Your risk of developing a blood clot is high after COVID-19, the study says

By now, most people are aware of the risks of developing long COVID after COVID-19. But new research suggests that the virus may increase the risk of a blood clot developing – and that risk remains higher than normal for a year later.

This is the main finding of a large new study published in the journal Circulation. The study looked at data from 48 million people enrolled in the UK’s national healthcare system from January 2020 to the day before COVID-19 vaccines became available in December 2020. Researchers found 1.4 million COVID-19 diagnoses, including 10,500 patients who have developed problems related to blood clots.

The researchers found that in the first week after receiving the COVID-19 diagnosis, the risk of developing an arterial blood clot (which could lead to a heart attack or stroke by blocking blood flow to the heart or brain) was almost 22 times higher than someone who didn’t have the virus. The risk dropped in the second week but was still elevated – less than four times higher than someone who did not have the virus.

For blood clots that occur in the veins, such as deep vein thrombosis and pulmonary embolism, the risk in the first week after being diagnosed with COVID-19 was 33 times higher. After three to four weeks of being diagnosed, a person was about eight times as tall as that. The risk was still 1.8 times higher between 27-49 weeks later compared to people who had never had COVID-19.

The risk was no matter how severe COVID-19 was, but it was higher in people hospitalized with the virus. The risk of blood clots was also higher in Black and Asian patients.

Overall, clots were rare. The overall risk of developing an arterial clot at 49 weeks after being diagnosed with COVID-19 was 0.5% and 0.25% for a venous clot during this period. (To translate this into real health problems, this led to approximately 7,200 additional heart attacks or strokes, and 3,500 additional cases of pulmonary embolism, deep vein thrombosis, or other vein-related health problems.)

This raises many post-COVID-19 safety questions, including why it happens and what you should be aware of. Here’s what you need to know.

Why might COVID-19 increase the risk of a blood clot?

The study did not investigate this – it just found a link – but there are some theories as to why this link might exist.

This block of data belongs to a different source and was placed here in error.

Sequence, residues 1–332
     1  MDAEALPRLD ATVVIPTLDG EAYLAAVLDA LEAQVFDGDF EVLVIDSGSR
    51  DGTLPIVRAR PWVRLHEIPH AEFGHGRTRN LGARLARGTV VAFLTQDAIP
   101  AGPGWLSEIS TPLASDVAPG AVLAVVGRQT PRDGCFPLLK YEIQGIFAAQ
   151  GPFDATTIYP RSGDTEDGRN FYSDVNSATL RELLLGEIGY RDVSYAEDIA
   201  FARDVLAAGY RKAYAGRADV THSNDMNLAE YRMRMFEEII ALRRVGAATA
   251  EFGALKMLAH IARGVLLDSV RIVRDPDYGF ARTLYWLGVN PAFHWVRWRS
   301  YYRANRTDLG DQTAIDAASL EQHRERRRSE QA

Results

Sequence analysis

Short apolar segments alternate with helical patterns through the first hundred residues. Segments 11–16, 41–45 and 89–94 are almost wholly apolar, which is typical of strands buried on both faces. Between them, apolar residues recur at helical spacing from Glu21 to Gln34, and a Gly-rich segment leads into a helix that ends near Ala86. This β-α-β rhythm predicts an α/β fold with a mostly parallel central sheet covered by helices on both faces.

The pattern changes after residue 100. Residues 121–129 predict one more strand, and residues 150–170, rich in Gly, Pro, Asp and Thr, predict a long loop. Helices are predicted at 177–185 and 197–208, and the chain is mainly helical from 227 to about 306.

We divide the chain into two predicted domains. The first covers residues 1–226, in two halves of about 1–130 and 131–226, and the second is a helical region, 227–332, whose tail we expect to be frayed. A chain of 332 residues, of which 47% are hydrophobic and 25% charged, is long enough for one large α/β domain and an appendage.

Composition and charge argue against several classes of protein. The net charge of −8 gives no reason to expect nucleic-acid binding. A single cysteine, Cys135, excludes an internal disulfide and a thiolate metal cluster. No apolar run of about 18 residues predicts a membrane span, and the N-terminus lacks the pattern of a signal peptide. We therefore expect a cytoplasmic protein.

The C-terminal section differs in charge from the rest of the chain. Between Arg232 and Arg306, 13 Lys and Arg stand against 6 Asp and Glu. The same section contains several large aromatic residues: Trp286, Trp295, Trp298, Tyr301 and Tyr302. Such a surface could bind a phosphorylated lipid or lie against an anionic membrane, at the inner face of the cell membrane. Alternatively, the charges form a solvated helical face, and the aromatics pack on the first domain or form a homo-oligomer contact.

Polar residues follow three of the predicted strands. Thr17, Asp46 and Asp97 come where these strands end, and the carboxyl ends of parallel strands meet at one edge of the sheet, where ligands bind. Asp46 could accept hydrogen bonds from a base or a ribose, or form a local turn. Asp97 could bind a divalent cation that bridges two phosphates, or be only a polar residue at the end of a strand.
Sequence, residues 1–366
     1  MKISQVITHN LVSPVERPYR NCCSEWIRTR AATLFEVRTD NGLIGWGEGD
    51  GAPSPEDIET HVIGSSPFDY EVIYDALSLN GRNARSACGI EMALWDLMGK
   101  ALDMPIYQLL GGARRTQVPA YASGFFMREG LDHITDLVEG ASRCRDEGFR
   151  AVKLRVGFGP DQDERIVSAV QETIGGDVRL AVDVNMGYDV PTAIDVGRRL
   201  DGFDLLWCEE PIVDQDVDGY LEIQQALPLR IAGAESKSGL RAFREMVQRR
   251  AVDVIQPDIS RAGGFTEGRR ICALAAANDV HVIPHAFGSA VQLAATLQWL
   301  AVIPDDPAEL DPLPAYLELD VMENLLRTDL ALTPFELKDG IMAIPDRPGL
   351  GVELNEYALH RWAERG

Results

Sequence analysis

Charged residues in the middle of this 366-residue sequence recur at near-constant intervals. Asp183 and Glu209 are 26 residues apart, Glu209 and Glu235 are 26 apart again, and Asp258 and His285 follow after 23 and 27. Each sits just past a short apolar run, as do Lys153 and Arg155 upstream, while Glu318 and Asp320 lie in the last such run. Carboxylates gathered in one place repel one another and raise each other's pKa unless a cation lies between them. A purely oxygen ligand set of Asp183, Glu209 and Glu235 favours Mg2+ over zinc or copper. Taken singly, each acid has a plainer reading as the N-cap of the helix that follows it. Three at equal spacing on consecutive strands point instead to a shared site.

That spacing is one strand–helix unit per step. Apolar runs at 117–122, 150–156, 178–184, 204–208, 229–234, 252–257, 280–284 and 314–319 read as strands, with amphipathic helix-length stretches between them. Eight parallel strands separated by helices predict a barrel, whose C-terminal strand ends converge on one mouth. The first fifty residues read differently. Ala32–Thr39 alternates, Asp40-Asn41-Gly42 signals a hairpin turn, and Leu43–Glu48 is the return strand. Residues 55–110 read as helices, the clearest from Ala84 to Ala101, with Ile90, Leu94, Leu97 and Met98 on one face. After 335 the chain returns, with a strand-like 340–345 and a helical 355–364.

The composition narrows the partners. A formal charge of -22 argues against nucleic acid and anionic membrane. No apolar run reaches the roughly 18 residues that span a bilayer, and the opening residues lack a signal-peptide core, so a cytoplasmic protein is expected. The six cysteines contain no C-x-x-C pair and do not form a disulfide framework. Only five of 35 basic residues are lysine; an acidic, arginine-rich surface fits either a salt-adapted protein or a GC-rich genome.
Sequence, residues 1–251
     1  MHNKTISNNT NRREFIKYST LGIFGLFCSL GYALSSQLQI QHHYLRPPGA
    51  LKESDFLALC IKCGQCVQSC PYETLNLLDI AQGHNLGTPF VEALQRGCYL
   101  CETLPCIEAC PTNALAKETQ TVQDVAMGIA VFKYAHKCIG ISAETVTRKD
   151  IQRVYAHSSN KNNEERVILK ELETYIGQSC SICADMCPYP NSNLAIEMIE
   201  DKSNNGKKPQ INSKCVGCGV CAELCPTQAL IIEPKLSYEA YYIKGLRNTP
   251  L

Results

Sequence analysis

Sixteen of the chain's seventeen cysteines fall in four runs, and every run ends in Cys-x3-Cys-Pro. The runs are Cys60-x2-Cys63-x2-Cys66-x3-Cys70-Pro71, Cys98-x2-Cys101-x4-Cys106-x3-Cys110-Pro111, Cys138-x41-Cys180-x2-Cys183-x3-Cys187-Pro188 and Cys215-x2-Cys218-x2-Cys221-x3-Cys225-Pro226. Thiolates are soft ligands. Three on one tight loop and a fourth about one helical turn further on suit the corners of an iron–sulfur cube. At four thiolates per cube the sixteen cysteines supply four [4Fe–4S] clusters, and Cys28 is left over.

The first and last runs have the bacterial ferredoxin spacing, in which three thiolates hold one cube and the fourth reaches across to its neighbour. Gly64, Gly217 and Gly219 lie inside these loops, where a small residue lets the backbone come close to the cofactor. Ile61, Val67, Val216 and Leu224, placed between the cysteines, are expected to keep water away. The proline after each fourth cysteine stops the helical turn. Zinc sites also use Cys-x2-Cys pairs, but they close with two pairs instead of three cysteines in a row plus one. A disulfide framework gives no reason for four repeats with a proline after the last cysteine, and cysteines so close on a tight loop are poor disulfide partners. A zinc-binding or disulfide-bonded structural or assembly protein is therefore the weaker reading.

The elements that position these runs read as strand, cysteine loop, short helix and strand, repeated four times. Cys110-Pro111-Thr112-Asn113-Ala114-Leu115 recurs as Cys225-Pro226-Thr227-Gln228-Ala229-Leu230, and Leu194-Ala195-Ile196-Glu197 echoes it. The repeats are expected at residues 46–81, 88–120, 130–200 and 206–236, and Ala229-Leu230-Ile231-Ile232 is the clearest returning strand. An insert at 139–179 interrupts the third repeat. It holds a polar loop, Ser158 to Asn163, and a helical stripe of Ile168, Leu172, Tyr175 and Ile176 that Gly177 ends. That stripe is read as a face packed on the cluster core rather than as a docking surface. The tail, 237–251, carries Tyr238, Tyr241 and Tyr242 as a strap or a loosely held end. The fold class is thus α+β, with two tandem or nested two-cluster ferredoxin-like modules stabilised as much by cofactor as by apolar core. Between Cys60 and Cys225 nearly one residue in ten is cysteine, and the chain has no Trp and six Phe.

The big thing is that the virus can cause inflammation in your body. “COVID causes an inflammatory response that can increase blood clotting and damage vascular structures,” said infectious disease expert Dr. Amesh A. Adalja, senior research fellow at the Johns Hopkins Center for Health Security. As a result, he says, “the increased risk of clotting may persist.”

It’s also possible that the increased risk of blood clots is simply how the virus works, says Dr. Thomas Russo, professor and head of infectious disease at the University of Buffalo in New York. “It seems to be part of the pathophysiology of this virus,” he says.

Dr. Russo says doctors knew “from the start of this pandemic that when you catch COVID” you are more likely to form blood clots. “At first, we saw these awful situations of people with black fingers and toes and damage to various organs,” due to blood clots, he says.

Could this happen with other infections?

Doctors say that other infections may put you at a higher than usual risk of developing a blood clot. Dr. Adalja points out that the compound is “well described” in herpes zoster, which increases the risk of a heart attack.

“These clots have also been described as the flu,” says Dr. Russo. “However, they’re more common with COVID.”

Signs of a blood clot

Blood clotting is normal under certain circumstances, for example if you cut yourself. However, according to Medline Plus, blood clots can be a problem when they form and form a blockage or travel to other areas of the body, such as the lungs or the brain. Symptoms of dangerous clots depend on their location in the body. On Medline Plus, these may include:

  • Abdominal pain
  • Nausea
  • Vomiting
  • Sudden or gradual pain in your arm along with swelling, tenderness and warmth
  • Dyspnoea
  • Pain with deep breathing
  • Rapid breathing
  • Increased heart rate
  • Speech problems
  • Sight problems
  • Seizures
  • Weakness on one side of the body
  • Sudden, severe headache
  • Pain in the chest
  • Exploitation
  • Dyspnoea
  • Pain in the left arm

How to stay safe from blood clots if you have COVID-19?

Dr. Adalja emphasizes that this risk is rare. However, Dr. Russo says it’s still good to at least be aware of the risk of a blood clot forming and what the symptoms may look like.

Dr. Russo says it’s also a good idea to get the full COVID-19 immunization series, including the booster doses you’re eligible for, whether you’ve had COVID or not. “This is another reason to try to protect yourself from COVID,” he says.

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